Geoffrey W. Sutton
In part one, Gilbert provides a brief overview of the philosophical foundations of the problem of subjective analysis of happiness. He gradually leads us to an operational definition by illustrating how common human experiences can deliver shared feelings of happiness. However, he illustrates how the elusive and subjective aspect of happiness can produce self-deception by demonstrating how the human brain misperceives visual phenomena and similarly misperceives the imagined happiness value of a future event.
In part two, Gilbert builds on the results of cognitive science to show how we mistakenly recall previously recorded feelings and struggle to make affective comparisons between experiences. He concludes the section with an appropriately humble appreciation of the problems in measuring happiness. Nevertheless, he urges us to forge ahead with the assessments we have because of the important role feelings play in our lives. Caveats aside, Gilbert has set the foundation for the next three parts that address the attitudes of realism, presentism, and rationalization to an understanding of happiness.
appraisal of experiences that we may or may not construe as a basis for happy feelings.
PRESENTISM. In part four, readers learn about the problems people have in accurately predicting their future feelings, which are largely based on the present (hence the name Presentism for this section). Beginning with illustrations of failed predictions and humorous past images of what the future (now past) would be like, Gilbert guides readers into an appreciation for the problems of using present experience to extrapolate to the future.
RATIONALIZATION. Paradise Glossed, the chapter that begins part five (Rationalization), opens with a familiar Shakespearean line, "For there is nothing either good or bad, but thinking makes it so (Hamlet)." Here we learn of the human penchant for recasting personal events and facts so they present a favorable impression. In Gilbert's words, we cook the facts (read confirmation bias). An interesting aside for therapists is that people end up handling trauma and disaster much better than they predict they would. So what do people commonly regret? Interested readers will find the answer on page 197.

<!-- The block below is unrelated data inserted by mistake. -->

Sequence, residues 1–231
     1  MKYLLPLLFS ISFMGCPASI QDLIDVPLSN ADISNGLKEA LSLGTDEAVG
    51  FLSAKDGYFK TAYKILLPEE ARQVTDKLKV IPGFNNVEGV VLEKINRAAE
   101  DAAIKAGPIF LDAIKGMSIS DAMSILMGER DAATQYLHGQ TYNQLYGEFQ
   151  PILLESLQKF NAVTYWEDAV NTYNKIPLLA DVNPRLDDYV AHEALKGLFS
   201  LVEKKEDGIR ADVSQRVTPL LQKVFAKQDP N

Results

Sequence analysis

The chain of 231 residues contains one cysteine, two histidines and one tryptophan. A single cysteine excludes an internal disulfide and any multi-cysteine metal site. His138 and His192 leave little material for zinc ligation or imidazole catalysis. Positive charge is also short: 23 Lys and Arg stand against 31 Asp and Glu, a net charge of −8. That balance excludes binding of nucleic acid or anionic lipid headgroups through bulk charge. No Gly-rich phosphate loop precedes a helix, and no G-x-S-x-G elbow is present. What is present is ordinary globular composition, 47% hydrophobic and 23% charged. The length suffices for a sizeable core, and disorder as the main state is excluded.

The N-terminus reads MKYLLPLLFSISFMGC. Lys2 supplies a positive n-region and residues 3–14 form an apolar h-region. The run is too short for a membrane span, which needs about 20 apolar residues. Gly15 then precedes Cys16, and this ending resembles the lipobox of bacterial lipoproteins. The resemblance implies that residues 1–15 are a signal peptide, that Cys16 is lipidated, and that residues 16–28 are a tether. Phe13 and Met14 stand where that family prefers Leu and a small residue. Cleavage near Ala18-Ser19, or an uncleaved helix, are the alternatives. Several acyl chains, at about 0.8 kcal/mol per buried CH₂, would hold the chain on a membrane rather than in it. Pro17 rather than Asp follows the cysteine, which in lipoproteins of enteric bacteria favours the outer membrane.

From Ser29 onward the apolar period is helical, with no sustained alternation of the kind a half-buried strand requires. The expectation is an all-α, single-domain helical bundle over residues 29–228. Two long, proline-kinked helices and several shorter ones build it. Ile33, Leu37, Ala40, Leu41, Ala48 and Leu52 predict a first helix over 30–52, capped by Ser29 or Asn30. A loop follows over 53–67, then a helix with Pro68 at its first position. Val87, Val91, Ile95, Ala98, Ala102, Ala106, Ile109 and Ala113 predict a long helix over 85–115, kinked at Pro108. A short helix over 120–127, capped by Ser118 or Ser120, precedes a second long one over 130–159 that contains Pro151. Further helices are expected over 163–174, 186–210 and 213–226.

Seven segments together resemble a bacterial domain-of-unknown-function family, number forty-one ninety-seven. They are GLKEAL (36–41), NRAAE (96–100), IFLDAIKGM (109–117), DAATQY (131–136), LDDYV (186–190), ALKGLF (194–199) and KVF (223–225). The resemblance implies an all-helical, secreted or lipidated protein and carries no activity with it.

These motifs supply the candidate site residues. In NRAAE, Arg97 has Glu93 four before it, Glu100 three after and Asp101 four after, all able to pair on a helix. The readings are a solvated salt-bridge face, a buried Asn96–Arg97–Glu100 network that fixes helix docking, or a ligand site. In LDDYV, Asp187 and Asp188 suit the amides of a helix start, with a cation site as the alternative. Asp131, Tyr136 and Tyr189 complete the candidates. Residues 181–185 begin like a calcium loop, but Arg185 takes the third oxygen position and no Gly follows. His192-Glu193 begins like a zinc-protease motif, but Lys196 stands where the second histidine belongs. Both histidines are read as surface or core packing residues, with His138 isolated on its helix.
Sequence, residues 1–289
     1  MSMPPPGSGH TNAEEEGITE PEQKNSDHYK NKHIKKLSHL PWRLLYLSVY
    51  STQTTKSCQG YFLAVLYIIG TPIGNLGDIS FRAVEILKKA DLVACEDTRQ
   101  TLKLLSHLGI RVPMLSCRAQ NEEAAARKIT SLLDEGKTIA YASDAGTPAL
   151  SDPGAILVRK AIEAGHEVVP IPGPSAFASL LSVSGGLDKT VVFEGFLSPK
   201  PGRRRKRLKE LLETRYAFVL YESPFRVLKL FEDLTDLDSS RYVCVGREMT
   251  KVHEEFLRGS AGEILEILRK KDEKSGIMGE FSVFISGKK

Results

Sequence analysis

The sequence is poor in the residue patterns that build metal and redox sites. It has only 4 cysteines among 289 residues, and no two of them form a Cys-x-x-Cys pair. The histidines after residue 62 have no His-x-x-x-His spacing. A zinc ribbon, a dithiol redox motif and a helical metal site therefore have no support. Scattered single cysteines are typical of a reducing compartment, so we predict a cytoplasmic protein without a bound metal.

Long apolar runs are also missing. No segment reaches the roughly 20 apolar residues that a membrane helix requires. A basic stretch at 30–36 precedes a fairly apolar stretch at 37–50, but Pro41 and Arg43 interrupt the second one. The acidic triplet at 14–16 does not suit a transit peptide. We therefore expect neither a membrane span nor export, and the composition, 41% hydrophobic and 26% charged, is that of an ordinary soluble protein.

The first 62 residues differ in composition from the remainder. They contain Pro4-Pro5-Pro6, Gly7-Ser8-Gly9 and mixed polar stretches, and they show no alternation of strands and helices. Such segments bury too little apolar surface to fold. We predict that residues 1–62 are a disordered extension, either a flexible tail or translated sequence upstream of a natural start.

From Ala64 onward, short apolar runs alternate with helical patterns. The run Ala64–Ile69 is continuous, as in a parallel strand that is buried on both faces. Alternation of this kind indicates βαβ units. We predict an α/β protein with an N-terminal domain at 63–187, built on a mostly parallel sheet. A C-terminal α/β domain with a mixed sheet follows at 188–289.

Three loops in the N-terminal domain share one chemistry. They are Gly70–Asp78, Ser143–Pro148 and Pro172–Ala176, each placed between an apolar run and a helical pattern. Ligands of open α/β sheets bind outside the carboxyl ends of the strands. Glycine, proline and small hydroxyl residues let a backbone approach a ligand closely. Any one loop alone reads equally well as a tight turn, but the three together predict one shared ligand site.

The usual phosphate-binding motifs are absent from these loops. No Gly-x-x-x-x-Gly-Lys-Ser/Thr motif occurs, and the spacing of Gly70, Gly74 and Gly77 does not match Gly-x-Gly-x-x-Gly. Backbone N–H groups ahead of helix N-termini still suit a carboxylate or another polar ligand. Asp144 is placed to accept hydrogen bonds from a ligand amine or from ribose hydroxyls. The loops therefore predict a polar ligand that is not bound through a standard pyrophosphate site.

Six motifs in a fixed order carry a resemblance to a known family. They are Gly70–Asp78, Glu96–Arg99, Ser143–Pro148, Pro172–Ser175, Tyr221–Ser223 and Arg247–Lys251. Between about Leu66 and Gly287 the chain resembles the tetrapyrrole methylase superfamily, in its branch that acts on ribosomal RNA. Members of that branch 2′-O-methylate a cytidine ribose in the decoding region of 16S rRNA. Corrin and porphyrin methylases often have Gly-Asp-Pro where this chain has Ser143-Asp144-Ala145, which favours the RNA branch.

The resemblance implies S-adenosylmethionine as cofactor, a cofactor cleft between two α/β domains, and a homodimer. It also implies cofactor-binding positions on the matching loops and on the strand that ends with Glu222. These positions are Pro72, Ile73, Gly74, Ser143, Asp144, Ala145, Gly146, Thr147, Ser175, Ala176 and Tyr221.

In the last section, Gilbert illustrates how personal theories and problematic information add to the difficulty of predicting which event sequence will lead to any particular future, let alone one that affords us happiness. He concludes with a chapter suggesting that learning from the experiences of others may actually improve our odds of a happier future more than relying on our "faithless" memories or memory dependent imaginations.
Scholarly readers will appreciate the extensive chapter-by-chapter notes that include studies from the highest quality psychology journals. The notes are followed by an adequate index. On the book's website, there is a basic 12-week outline for those who wish to teach a unit on the subject (http://www.randomhouse.com/kvap/gubert/index .html)..Pragmatic readers will benefit from a current overview of a topic relevant to an understanding of human behavior—at least for those of us who believe that a good deal of human behavior is motivated by the pursuit of happiness.
“Impact is rewarding. Mattering makes us happy.”
― Daniel Gilbert, Stumbling on Happiness
“the feeling of control—whether real or illusory—is one of the wellsprings of mental health.”
Links to Connections
See My Page www.suttong.com
Here is a YouTube talk on happiness by Dan Gilbert